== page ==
For thoughts on Dollhouse, I'll direct you to [ profile] aycheb here, and [ profile] meganbmoore here.
laceblade: Kumiko and Reina from Hibike! Euphonium anime, Reina holding Kumiko's face w/one hand, faces close enough to almost touch. (Default)
Here is a link to a post by author Matt Ruff, who found a Q&A with Joss Whedon.

Apparently it was FOX, and not Joss, who has severe discomfort with the skeevy premise of show.

My icon (plus the promise of post-apocalyptic-ness) is why I will continue watching!

Share the reasons why you will (if you are, I know there are a few of you out there!) continue watching in the comments!

Also, be sure to employ the use of [ profile] takumashii's new verb.

Example: I am currently Dollhousing New Moon, by Stephanie Meyer.
laceblade: Kumiko and Reina from Hibike! Euphonium anime, Reina holding Kumiko's face w/one hand, faces close enough to almost touch. (Default)
I'll start with the full disclosure: I'm going to continue watching Dollhouse because Alexis Denisof (Wesley Wyndam-Pryce) is joining the cast.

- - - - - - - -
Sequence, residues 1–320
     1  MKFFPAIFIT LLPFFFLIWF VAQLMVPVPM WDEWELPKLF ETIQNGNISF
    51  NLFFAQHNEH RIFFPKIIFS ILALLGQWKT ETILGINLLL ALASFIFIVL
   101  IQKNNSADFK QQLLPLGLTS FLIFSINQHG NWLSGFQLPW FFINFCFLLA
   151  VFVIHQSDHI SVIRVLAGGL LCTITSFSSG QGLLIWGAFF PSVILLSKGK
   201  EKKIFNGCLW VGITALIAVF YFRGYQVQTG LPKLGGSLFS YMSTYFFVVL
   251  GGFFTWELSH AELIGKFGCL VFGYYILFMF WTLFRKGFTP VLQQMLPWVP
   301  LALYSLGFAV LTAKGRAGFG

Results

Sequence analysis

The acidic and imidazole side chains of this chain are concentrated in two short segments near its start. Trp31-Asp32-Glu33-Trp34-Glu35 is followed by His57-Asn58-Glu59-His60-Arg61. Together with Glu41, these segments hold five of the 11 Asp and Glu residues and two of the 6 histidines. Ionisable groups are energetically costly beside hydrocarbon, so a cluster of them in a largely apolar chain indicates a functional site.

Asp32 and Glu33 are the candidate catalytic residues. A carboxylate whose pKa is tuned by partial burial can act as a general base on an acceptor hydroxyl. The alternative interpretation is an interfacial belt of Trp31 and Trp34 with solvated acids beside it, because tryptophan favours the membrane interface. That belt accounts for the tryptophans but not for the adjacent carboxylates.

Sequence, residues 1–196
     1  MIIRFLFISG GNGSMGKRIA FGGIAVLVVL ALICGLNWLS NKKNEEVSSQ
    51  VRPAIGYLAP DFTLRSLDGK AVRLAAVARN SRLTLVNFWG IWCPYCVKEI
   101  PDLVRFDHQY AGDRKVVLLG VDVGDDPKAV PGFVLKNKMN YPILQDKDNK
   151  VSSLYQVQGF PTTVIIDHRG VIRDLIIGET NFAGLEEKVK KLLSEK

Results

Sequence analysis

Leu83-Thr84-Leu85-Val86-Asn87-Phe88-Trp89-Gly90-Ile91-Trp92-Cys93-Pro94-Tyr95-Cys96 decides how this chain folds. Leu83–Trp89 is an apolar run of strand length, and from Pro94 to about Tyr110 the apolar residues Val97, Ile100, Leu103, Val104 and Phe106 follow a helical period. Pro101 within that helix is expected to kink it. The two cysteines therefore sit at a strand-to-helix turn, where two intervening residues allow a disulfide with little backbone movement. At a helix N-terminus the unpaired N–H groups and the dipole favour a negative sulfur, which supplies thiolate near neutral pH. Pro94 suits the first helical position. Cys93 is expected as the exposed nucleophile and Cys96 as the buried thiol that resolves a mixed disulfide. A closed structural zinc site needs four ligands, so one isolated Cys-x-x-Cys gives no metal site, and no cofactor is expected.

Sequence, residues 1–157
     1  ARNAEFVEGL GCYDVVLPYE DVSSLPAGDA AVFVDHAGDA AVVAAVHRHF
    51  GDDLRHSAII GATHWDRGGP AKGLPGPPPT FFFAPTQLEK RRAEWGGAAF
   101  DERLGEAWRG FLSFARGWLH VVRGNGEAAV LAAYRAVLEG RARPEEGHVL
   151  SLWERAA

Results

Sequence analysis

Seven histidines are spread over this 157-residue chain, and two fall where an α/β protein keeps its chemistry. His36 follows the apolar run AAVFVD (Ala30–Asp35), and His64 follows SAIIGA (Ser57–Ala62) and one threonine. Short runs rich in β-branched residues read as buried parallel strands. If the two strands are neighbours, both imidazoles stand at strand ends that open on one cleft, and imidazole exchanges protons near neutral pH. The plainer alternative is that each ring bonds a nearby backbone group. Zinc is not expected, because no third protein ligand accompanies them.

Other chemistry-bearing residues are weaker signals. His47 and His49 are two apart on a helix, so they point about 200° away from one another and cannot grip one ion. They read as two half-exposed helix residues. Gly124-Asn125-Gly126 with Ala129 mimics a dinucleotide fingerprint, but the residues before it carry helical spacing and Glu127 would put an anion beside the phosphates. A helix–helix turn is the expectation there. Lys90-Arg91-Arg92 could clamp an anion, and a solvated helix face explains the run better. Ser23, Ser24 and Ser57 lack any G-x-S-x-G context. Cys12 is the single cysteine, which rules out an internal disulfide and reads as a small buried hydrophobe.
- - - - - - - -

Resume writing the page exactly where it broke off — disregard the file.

Tonight I watched the 13th episode of Dollhouse's first season, which did not air on FOX.

For many of you, nothing can make Dollhouse palatable. But maybe you might, if you watched this episode?

Imagine a post-apocalyptic Earth where the idea that the Dollhouse technology was used to essentially create a brothel, is laughable. The technology has created a world in which people can theoretically live forever by transferring imprints of themselves to multiple bodies. Nobody knows who's real and who's not, and people tattoo their names on their backs so that there is a way to figure out if they really are who they think they are. People run around with guns and are unshowered, and Felicia Day is a featured cast member (which, yay, love her).